The opposite of showrooming (purchasing an item in a physical store after conducting research about it online) has been dubbed by retail observers as webrooming. However, according to a new poll conducted by Accenture, 65% of consumers said they would browse holiday purchases online that they would ultimately buy in person at a store. A slightly smaller proportion (62%) said they would partake in showrooming.
Consumers are drawn to webrooming as a way to avoid shipping costs, fulfill their need for immediate gratification, and avoid some of the guesswork related to purchasing something they can’t physically touch and inspect in person. And because a growing number of brick-and-mortar-based retailers are now willing to match prices on identical items with Amazon and other major e-retailers, shoppers can enjoy the best of both worlds via webrooming: they take advantage of the online reviews, research and low prices offered by Amazon and the Web, as well as the convenience, service, expediency and tangibility of the real-world shopping experience.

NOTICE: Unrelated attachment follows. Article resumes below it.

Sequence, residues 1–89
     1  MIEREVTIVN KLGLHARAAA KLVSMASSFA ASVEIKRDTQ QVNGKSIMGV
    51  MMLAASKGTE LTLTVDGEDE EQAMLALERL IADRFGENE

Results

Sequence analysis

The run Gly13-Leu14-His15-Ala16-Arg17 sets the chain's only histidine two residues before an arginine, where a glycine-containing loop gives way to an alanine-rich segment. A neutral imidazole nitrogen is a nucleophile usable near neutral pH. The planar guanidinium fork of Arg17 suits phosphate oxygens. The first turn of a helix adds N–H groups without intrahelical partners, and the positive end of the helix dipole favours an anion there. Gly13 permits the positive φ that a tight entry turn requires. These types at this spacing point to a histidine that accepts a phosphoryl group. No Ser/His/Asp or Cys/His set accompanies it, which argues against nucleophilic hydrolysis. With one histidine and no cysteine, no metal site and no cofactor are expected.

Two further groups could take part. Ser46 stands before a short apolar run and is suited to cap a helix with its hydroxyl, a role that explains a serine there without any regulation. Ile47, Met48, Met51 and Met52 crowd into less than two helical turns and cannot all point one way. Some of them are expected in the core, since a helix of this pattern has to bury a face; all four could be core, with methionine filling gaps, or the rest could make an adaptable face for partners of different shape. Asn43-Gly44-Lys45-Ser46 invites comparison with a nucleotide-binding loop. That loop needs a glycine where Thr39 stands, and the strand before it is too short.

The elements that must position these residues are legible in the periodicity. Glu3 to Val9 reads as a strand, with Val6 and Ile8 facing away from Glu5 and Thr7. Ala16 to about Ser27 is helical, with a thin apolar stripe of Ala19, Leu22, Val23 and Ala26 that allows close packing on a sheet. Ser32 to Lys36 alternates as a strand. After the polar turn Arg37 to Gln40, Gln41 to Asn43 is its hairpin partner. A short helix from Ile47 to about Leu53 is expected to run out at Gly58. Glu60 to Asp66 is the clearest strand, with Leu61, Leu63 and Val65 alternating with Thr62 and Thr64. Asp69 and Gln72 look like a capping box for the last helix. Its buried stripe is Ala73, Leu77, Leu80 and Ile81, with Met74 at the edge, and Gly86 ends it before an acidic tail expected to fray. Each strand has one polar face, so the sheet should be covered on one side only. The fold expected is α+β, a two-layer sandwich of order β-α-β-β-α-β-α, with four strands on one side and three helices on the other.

The group of consumers that appears most interested in webrooming is also the group that has grown up with online shopping. Research indicates that webrooming is far more popular than showrooming among millennials. In one survey, carried out by ULI and Lachman Associates, 50% of millennials said they prefer buying in stores after doing research online, as opposed to only 11% who indicated they like buying online after checking out goods in real stores.
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